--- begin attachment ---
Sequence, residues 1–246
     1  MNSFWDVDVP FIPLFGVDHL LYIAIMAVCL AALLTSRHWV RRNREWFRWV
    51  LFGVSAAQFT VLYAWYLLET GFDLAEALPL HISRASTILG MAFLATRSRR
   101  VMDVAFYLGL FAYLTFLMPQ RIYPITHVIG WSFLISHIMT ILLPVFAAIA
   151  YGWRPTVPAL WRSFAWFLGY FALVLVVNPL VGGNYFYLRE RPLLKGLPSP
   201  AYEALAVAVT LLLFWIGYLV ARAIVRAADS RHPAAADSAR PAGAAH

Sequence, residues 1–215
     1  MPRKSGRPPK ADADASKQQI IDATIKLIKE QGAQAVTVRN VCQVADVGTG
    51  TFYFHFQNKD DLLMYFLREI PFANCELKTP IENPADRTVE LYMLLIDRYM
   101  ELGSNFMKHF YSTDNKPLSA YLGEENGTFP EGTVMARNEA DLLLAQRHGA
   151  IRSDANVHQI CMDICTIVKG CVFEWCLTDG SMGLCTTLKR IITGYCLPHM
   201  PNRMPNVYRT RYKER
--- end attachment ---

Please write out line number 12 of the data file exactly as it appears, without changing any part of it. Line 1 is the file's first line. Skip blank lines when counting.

   201  PNRMPNVYRT RYKER